Murder, She Wrote: An inside look at Agatha Christie's pop culture reign, 100 years after her first book
Lovely place, awful crime, splendid people, dark secrets. Agatha Christie's many book titles offer lavish getaways (on the Orient Express, on the Nile, in the Caribbean) with dark itineraries (Murder, Death, Mystery). Among her plots, corpses turn up on a holiday steamship, a beach, the edge of a golf course. Country manors across the British Isles become crime scenes. One pictures Christie on an expensive vacation, dining with an earl, a duchess, some Ruritanian princeling, and a wealthy widow. The author looks around the dinner table, wondering: How might these fine people kill one another?
This fall marks 100 years since the publication of Christie's first novel, The Mysterious Affair at Styles, wherein twice-married matriarch Emily Inglethorp gets poisoned and no one knows whether the strychnine was in her coffee or her evening cup of cocoa (along with its regular dash of medicinal rum). Since then, the author's novels often arrived twice yearly until her death in 1976, and estimates of book sales require the word "billion," nay, "billions." Her play The Mousetrap has run on stage in London for nearly the entire reign of Queen Elizabeth II, starting in 1952 and only breaking on March 16 of this year due to COVID-19, the knave.
It has been a century of undimmed popularity. And the film business has mined Christie's work for raw material for practically as long as there has been a film business. The first of her stories adapted for the big screen, The Passing of Mr. Quin, came out in 1928. The movies were still silent — and Angela Lansbury was just two years old. Half a century later, she was glamorous, sozzled, and doomed in 1978's Death on the Nile. She also played Miss Marple, one of Christie's most iconic characters, in The Mirror Crack'd.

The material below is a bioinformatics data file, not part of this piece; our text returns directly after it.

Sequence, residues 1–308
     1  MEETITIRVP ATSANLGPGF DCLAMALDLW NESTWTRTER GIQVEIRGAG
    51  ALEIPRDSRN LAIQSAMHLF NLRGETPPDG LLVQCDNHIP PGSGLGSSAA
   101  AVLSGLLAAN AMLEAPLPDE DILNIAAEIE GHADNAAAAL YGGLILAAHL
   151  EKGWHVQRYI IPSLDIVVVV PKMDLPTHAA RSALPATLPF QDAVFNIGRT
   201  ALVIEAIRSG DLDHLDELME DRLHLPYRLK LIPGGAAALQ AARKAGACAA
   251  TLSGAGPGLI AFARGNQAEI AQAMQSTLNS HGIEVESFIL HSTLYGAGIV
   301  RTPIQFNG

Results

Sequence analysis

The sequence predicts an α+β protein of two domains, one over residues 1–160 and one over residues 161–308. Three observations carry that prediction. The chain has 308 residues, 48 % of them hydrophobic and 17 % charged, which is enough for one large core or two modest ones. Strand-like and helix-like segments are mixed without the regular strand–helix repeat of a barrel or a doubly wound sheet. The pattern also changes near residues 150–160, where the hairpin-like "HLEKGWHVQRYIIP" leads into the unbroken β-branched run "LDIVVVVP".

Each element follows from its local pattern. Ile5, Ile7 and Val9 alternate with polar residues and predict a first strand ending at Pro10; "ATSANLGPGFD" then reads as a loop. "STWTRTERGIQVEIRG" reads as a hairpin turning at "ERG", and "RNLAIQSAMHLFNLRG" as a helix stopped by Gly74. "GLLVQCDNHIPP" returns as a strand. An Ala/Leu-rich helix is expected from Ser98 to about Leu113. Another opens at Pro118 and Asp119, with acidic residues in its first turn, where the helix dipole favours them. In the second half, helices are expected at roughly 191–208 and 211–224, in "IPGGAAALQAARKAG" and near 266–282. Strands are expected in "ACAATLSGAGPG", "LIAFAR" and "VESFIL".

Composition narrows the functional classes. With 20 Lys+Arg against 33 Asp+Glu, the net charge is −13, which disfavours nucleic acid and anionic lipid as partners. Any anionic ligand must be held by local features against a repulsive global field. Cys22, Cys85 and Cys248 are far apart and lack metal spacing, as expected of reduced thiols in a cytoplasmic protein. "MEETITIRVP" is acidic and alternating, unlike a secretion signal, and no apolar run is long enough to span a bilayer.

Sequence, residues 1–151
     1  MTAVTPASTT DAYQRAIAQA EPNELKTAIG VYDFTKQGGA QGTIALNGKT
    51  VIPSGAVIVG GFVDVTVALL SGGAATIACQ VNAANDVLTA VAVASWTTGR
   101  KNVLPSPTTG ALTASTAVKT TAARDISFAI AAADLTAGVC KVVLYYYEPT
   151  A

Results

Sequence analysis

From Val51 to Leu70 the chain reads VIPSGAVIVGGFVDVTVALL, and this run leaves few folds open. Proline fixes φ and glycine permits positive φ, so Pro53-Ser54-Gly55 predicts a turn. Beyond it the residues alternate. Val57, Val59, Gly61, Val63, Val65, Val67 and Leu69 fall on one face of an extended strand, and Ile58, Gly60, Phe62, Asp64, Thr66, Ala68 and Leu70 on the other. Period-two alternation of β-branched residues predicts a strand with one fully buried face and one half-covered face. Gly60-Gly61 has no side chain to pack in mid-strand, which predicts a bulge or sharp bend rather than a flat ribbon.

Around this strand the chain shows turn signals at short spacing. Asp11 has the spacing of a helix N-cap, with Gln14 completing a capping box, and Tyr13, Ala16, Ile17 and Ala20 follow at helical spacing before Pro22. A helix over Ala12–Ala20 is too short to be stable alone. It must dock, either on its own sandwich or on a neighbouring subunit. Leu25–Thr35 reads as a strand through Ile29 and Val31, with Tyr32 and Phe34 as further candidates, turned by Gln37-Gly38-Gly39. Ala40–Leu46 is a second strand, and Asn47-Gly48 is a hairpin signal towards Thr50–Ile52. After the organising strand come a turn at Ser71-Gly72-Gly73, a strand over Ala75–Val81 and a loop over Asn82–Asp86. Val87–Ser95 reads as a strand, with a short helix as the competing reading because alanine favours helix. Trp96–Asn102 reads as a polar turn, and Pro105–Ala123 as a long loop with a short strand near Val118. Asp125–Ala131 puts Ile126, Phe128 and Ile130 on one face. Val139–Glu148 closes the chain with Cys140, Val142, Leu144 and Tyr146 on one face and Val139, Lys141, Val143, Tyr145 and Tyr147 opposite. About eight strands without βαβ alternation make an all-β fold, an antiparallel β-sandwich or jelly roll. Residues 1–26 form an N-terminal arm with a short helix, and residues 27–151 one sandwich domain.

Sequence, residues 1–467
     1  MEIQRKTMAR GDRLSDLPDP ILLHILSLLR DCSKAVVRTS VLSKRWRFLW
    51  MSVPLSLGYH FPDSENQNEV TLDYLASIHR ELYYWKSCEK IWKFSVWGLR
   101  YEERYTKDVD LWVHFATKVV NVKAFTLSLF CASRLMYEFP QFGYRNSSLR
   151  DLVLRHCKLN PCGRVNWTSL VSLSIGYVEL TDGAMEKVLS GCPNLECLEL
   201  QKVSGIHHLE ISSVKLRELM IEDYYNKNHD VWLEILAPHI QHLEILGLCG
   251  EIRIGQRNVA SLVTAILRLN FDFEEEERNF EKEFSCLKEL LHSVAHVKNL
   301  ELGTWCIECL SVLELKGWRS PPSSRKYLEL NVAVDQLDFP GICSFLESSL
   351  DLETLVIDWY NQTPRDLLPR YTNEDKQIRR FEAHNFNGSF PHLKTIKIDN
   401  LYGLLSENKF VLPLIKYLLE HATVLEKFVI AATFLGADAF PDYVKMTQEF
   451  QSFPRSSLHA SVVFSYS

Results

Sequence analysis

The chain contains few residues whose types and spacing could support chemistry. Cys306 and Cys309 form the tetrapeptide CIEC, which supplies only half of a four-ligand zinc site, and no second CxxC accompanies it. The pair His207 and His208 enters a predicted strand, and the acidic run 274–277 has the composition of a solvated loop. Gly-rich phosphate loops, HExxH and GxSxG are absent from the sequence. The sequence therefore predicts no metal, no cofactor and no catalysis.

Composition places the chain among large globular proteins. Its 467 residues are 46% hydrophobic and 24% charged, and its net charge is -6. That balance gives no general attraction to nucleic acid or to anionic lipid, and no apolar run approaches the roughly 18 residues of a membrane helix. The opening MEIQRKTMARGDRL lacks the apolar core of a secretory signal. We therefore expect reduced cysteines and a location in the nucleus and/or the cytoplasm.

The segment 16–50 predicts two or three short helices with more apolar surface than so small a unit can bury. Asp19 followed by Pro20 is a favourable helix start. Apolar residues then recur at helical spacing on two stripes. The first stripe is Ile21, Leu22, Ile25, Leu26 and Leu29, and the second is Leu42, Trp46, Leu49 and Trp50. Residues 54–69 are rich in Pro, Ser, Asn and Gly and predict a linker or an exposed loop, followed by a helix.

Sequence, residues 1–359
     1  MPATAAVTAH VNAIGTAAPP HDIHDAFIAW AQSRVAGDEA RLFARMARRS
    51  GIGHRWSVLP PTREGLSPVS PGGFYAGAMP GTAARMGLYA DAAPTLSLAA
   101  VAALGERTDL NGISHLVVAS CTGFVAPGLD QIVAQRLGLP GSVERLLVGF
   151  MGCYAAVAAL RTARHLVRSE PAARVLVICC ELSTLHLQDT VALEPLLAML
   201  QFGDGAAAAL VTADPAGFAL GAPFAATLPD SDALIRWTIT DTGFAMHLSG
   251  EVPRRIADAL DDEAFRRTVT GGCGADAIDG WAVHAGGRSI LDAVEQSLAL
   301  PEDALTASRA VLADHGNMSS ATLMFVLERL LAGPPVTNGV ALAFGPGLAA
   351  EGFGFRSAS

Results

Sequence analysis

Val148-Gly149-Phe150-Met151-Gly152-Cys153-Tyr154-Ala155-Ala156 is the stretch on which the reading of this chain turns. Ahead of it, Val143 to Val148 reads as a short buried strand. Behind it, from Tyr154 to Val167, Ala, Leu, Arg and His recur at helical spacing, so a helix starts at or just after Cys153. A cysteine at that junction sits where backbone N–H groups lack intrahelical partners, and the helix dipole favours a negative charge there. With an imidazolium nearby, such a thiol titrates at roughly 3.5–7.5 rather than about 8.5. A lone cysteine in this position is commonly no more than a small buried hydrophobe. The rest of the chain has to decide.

Getting cast in multiple Christie mysteries is a rite of passage for Brits looking for the promise of steady work, especially after the blockbuster success of 1974's Murder on the Orient Express. The film earned Albert Finney an Oscar nomination as the Belgian super sleuth Hercule Poirot, and just imagine the murderous dinner party one could host with the other acting titans who've played Poirot — Charles Laughton (1928's play Alibi, based on The Murder of Roger Ackroyd) and Peter Ustinov (six different times in films and made-for-TV movies), among them. David Suchet was Poirot on television from 1989 through 2013 (ITV's series of the same name), and then Kenneth Branagh donned the mustache in his 2017 Orient Express film adaptation. Now Branagh has directed a new Death on the Nile (coming this winter), an act of sequelizing that looks like a semi-quixotic effort to produce a franchise for moviegoers tired of superheroes and space fights.